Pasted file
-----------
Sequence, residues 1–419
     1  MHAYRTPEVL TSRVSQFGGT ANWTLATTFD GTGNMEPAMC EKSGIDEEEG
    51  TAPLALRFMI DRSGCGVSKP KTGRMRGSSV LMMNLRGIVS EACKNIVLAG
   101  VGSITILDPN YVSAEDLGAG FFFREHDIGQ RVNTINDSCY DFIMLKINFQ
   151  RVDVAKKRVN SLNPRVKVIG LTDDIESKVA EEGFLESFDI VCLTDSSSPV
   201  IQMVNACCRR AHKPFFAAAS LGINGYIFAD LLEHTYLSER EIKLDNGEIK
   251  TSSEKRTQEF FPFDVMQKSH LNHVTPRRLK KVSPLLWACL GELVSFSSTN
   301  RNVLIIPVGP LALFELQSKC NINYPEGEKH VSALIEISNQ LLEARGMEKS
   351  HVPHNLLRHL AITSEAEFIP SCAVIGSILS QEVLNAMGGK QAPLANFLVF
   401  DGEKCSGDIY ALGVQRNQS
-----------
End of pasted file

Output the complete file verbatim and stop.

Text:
Sequence, residues 1–419
     1  MHAYRTPEVL TSRVSQFGGT ANWTLATTFD GTGNMEPAMC EKSGIDEEEG
    51  TAPLALRFMI DRSGCGVSKP KTGRMRGSSV LMMNLRGIVS EACKNIVLAG
   101  VGSITILDPN YVSAEDLGAG FFFREHDIGQ RVNTINDSCY DFIMLKINFQ
   151  RVDVAKKRVN SLNPRVKVIG LTDDIESKVA EEGFLESFDI VCLTDSSSPV
   201  IQMVNACCRR AHKPFFAAAS LGINGYIFAD LLEHTYLSER EIKLDNGEIK
   251  TSSEKRTQEF FPFDVMQKSH LNHVTPRRLK KVSPLLWACL GELVSFSSTN
   301  RNVLIIPVGP LALFELQSKC NINYPEGEKH VSALIEISNQ LLEARGMEKS
   351  HVPHNLLRHL AITSEAEFIP SCAVIGSILS QEVLNAMGGK QAPLANFLVF
   401  DGEKCSGDIY ALGVQRNQS